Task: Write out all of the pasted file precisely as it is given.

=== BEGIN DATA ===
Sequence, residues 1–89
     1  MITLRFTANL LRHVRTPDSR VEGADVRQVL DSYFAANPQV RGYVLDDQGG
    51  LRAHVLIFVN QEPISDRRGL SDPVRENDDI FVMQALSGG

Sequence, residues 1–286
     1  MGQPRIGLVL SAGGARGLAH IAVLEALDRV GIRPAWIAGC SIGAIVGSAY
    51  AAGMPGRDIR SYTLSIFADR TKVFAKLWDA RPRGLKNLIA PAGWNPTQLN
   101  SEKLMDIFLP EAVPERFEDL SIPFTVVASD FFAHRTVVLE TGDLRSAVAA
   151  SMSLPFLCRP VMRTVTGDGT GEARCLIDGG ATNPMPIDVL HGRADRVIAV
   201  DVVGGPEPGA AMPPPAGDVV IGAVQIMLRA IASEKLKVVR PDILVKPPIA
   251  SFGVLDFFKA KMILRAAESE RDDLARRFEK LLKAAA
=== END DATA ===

Sequence, residues 1–89
     1  MITLRFTANL LRHVRTPDSR VEGADVRQVL DSYFAANPQV RGYVLDDQGG
    51  LRAHVLIFVN QEPISDRRGL SDPVRENDDI FVMQALSGG

Sequence, residues 1–286
     1  MGQPRIGLVL SAGGARGLAH IAVLEALDRV GIRPAWIAGC SIGAIVGSAY
    51  AAGMPGRDIR SYTLSIFADR TKVFAKLWDA RPRGLKNLIA PAGWNPTQLN
   101  SEKLMDIFLP EAVPERFEDL SIPFTVVASD FFAHRTVVLE TGDLRSAVAA
   151  SMSLPFLCRP VMRTVTGDGT GEARCLIDGG ATNPMPIDVL HGRADRVIAV
   201  DVVGGPEPGA AMPPPAGDVV IGAVQIMLRA IASEKLKVVR PDILVKPPIA
   251  SFGVLDFFKA KMILRAAESE RDDLARRFEK LLKAAA